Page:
To mitigate these risks, companies should use virtual private networks (VPN) to encrypt traffic flowing between laptops and enterprise services, but it can be more challenging to protect sensitive data that employees access using their own mobile phones.
This is a particular risk, given that Android devices are vulnerable to the most extreme and devastating variant of attacks exploiting the KRACK vulnerability. To alleviate these dangers, organisations should take steps to monitor and secure all endpoints used by staff to access company data. It is also vital to educate employees about the best ways to work securely while remote working and using personal devices.
Ian Goslin, managing director, Airbus CyberSecurity UK
Insecure Software Adopted Widely
One of the greatest cybersecurity risks that companies are currently underestimating are those introduced by insecure software.
Many organisations are undergoing massive digital transformation projects to create new revenue streams and optimise processes, with over two thirds of British business leaders reporting their budget for software implementation increased as a result. But with less than a third of software applications failing security tests when measured against the OWASP Top 10, which checks against the most important vulnerability categories in web applications, it’s clear digitisation is amplifying the cybersecurity risk.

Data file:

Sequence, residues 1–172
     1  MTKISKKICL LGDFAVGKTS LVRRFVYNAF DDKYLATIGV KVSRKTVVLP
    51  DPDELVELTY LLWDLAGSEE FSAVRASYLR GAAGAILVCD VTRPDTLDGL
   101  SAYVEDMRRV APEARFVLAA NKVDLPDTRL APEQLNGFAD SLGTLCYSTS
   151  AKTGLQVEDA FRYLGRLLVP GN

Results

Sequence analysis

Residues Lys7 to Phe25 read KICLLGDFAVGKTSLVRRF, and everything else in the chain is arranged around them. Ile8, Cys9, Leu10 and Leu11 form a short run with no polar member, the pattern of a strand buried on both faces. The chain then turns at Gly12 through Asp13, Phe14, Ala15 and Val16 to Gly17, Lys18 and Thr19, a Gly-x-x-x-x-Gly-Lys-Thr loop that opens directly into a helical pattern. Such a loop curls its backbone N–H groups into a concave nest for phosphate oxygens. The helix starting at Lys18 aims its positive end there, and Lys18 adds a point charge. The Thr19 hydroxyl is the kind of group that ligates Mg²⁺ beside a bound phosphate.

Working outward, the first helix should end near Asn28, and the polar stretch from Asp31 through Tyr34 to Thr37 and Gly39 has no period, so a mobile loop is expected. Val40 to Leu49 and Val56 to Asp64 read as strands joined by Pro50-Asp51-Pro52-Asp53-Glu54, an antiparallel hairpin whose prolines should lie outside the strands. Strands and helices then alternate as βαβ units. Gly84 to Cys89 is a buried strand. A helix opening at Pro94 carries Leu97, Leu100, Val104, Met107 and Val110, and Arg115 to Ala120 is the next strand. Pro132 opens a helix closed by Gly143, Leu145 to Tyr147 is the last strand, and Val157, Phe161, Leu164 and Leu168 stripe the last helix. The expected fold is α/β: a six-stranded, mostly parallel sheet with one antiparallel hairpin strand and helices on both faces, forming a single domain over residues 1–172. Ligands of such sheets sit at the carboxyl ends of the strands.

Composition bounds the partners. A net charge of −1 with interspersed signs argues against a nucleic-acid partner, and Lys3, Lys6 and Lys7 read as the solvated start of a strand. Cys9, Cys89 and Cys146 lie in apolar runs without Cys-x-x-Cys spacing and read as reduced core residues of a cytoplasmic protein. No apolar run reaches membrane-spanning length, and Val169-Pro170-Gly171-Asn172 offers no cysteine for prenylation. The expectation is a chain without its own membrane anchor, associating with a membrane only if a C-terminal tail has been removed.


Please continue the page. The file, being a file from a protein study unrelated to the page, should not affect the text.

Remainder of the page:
The risk from insecure software is enhanced as organisations are failing to actively monitor the components that can lead to security breaches, with less than 28% of businesses carrying out regular software composition analysis to find out what components are in their software and more importantly which parts are vulnerable. And ultimately, if you don’t know it’s broke, you can’t fix it.
With the Verizon DBIR showing that almost 60%of breaches involve web applications, it is essential to be testing early and often.
When purchasing software from external providers, ensure that they have security verification. While for developing application internally, ensure that security is built-in through the software lifecycle.
Also educate your developers on the threat and how to mitigate security flaws, to ensure that software is secure by design. With eLearning, for instance, organisations typically see a 19% improvement in vulnerability fix rates.